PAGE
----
Lemon Balm assists us in looking beyond our flaws and conditionings to seeing the pure soul inside, the one that wants to be free and exuberant, the part of us that wants to have fun! This acceptance of the self opens the floodgates of love to pour into those forgotten or malnourished places within the soul. The incredible purity and simplicity of this plant instill a sense of peace and contentment within, inviting one to enjoy the nectar of their own heart.

Linden (Tilia spp.) 

This is a tree that bears heart-shaped leaves, that of which the doctrine of signatures (the morphology of a plant resembling various parts of the body that the plant is used for) is abundantly clear. This plant has a mild, sweet taste and helps to release tension in the musculature and circulatory realms of the body, specifically the heart, where it softens tension and uplifts worry. Linden flowers alleviate restlessness, improve sleep, and lower anxious and depressed states. It’s specifically indicated for anxiety culminating in the heart as it physically supports the vasculature and circulatory system, gently widening blood vessels while lowering blood pressure. ³ With its sweet and aromatic blossoms, Linden reinstates a sense of calm and gladdens the heart.

Mimosa (Albizia julibrissin)

Mimosa (Albizia julibrissin) 

This beautiful tree is from China and is known for its predominant uplifting qualities, which is why it’s referred to as the “collective happiness tree”. It has a bit of an astringent and has a somewhat acrid flavor.If you ever get a chance to see an Albizia tree flowering, you can’t help but feel happy in the presence of Mimosa flowers. The blossoms shine pink and dangle like bright fireworks exploding mid-airthey are simply fantastic and without a doubt, very happy forming creatures. This flower offers relief for those moments when you feel burdened by continuous tears that wear down your heart. It allows you to take a breath and feel peace roll into your heart. In Traditional Chinese Medicine, this herb is considered a “Shen tonic” and is used to uplift the spirit and awaken a sense of happiness.⁵ Its actions are often felt quickly; so if you’re needing a strong pick-me-up, Mimosa might do the trick. 

Rosemary (Rosmarinus officinalis) 

This culinary favorite has been used all over the world to introduce a warming aromatic flavor into food as well as the home, especially during the dark winter months. Rosemary has an aromatic and pungent taste, which helps to improve mood and encourages circulation to the brain, clearing out brain fog and improving mental clarity. Having Rosemary around during this time of year can help uplift the heart and soothe the spirit— a rosemary tea is really buttery and delicious, otherwise be sure to cook with it at the very least! 

Rhodiola (Rhodiola Rosea) 

Used in Eastern Europe and Asian countries as a stimulating adaptogen, this wonderful bitter tasting herb when taken in smaller doses, will stimulate energy, lift depression, enhance work performance, eliminate fatigue and elevate wakefulness and steady energy throughout the day.This is because it stimulates the production of norepinephrine, dopamine, and serotonin, all of which are neurotransmitters involved in the functioning of your circadian rhythm.⁷ I’ve recently quit drinking coffee, and Rhodelia has been my go to herb in the mornings when I’m feeling like I need a little bit more of a pick me up. It makes my body feel energized and my mind feel clear and awake.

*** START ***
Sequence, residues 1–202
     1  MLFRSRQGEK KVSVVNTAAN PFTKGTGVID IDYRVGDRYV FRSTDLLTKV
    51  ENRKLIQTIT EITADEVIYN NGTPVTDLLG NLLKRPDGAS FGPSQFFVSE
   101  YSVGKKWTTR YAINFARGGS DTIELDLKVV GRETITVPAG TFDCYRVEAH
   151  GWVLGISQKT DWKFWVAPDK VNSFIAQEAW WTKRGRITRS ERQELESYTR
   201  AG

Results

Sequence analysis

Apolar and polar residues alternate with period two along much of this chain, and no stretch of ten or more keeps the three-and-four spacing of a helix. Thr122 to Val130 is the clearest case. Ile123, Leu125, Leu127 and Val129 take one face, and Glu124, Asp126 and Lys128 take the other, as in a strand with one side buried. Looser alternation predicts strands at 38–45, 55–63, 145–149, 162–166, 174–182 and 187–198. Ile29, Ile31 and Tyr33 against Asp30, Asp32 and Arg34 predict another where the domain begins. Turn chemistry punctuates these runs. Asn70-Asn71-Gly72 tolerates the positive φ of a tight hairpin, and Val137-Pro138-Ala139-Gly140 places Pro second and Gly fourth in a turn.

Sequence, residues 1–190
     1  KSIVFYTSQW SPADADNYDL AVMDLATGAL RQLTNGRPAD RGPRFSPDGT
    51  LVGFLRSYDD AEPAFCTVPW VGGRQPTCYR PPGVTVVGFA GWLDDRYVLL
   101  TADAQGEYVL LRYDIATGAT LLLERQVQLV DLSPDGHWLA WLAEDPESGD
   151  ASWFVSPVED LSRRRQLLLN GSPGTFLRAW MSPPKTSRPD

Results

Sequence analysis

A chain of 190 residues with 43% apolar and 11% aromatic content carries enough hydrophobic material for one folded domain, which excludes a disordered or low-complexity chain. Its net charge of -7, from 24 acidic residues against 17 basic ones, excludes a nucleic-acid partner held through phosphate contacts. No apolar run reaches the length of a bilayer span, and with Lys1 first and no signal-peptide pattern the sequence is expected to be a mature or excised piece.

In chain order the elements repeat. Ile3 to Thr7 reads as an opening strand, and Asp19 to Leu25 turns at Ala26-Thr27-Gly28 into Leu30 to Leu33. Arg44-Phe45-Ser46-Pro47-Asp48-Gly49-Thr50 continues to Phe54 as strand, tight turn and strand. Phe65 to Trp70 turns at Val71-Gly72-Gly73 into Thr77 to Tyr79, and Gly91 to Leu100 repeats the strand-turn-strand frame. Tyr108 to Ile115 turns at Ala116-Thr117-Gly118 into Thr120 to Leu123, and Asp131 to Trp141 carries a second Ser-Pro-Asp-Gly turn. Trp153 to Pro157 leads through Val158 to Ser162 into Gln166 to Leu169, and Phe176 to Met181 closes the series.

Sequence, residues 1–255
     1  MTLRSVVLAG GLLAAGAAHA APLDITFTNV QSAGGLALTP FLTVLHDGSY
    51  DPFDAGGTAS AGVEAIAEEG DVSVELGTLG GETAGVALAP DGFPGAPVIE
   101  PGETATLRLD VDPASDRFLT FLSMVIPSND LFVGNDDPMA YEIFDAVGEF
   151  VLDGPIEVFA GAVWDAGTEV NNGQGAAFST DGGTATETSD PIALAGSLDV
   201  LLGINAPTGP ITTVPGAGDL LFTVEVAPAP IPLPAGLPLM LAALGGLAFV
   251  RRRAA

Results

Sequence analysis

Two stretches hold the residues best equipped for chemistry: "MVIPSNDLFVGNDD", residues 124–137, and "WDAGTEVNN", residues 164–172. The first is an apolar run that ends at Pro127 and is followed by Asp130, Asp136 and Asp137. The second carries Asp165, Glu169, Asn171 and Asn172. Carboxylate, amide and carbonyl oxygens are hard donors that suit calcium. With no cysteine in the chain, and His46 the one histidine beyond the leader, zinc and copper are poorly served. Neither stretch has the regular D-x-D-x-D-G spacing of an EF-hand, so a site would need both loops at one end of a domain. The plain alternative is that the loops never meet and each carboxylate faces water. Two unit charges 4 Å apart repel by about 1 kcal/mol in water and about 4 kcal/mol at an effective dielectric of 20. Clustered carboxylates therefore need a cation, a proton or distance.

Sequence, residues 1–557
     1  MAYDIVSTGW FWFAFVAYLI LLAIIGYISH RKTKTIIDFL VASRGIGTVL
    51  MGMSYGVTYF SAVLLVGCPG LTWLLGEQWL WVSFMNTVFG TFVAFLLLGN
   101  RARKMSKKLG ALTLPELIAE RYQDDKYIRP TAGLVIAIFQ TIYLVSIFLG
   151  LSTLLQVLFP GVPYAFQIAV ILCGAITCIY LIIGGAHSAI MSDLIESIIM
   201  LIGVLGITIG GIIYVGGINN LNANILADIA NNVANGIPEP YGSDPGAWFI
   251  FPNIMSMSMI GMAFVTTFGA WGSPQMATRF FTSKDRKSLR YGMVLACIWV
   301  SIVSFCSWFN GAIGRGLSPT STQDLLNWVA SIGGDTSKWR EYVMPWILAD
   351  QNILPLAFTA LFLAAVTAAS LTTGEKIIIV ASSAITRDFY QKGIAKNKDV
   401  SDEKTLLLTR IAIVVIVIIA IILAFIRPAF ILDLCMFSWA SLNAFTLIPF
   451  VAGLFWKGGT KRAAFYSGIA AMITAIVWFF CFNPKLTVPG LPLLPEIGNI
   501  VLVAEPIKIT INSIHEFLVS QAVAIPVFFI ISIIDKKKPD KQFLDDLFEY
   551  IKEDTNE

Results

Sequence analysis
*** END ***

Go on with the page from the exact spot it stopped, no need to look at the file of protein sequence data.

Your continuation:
Siberian ginseng (Eleutherococcus senticosus) 

Used in Traditional Chinese medicine, dating back more than 4000 years, it has long been believed that the regular use of Siberian ginseng increases longevity, improves general health and appetite, and restores memory.⁸ For someone who’s been stressed or depressed and fatigued for a long time, this adaptogenic herb helps to increase mental alertness, physical endurance, and reduce the effects of long term exhaustion. Similar to Rhodiola, it can be pretty dose-specific. While lower doses over the long term can assist in building and rejuvenating the neuroendocrine system, higher doses can be overtly stimulating and cause one to overextend themselves and burn out even more. I find that taking small to moderate doses provides great results, especially when taken twice a day (morning and afternoon) since this works in conjunction with the body’s natural cortisol cycles. 

St. John’s Wort (Hypericum perforatum)

St. John’s Wort (Hypericum perforatum) *

Classically known as “sunshine in a bottle,” St. John’s Wort is a nerve trophorestorative, which means that it works to tone and restore a nervous system that is weakened from long periods of stress, nervousness, tension, anxiety, or insomnia.⁹ This herb is commonly known to provide relief for those experiencing Seasonal affective disorder or mild to moderate depression. Unlike Mimosa, this herb does not provide instant results. When working with St. John’s Wort, be patient and allow this gem a few weeks to take action. If you know that you are susceptible to the winter blues, consider using this remedy preventatively by taking it at the beginning of the cooler months to ease feelings of anxiety, tension, and depression. 

❊   ❊   ❊

So, the herbs that I’ve suggested are mere guidelines for you to start out with if you, a friend or a loved one are feeling down. I haven’t given a full description of what each herb does (they all do a lot more!), so please take some extra time and care to do some further research to make sure that what you choose is actually suitable for the person you’re thinking of, and if you don’t know, reach out to an herbalist who does, as not every plant is suitable for everyone, especially if someone is taking medications.